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Machine learning in clinical practice: prospects and pitfalls

Ian A Scott, David Cook, Enrico W Coiera and Brent Richards
Med J Aust 2019; 211 (5): . || doi: 10.5694/mja2.50294
Published online: 2 September 2019

Machine learning has huge potential to enhance clinical decision making, but there are still many limitations

Machine learning (ML), a subdiscipline of artificial intelligence, encompasses a family of computerised (machine) methods that identify (learn) patterns in large (training) datasets not detectable to humans (Box 1). Identified patterns are then encoded in a computer model or algorithm which is then tested and validated on new data. Three basic ML types exist (Box 2), with supervised and reinforcement learning being used most frequently.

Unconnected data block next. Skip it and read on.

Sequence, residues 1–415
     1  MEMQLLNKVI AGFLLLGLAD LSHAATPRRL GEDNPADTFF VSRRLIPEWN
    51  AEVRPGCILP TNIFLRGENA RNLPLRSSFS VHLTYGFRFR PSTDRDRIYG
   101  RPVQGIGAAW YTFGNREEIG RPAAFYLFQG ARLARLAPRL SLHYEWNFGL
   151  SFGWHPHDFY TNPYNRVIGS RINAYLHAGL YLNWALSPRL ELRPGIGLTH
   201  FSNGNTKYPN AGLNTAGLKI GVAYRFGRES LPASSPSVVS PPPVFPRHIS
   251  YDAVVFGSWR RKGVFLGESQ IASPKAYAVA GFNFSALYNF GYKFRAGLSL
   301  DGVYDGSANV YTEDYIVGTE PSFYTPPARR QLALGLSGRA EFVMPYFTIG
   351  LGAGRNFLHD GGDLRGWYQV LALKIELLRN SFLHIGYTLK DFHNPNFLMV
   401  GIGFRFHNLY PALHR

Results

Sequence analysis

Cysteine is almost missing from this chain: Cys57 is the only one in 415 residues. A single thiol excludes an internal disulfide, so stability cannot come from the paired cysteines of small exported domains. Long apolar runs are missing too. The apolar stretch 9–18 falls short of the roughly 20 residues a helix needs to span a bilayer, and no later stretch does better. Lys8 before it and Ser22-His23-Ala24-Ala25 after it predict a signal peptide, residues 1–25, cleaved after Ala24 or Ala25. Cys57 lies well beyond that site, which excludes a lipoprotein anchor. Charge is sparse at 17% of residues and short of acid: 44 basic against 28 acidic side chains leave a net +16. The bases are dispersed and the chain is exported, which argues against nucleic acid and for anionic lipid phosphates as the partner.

• Ian A Scott1,2
  • David Cook1
  • Enrico W Coiera3
  • Brent Richards4

  • 1 Princess Alexandra Hospital, Brisbane, QLD
  • 2 University of Queensland, Brisbane, QLD
  • 3 Centre for Health Informatics, Macquarie University, Sydney, NSW
  • 4 Gold Coast Hospital and Health Service, Gold Coast, QLD

Correspondence: ian.scott@health.qld.gov.au

Competing interests:

Brent Richards has received non‐financial support from Amazon Web Services and non‐financial support from Microsoft.

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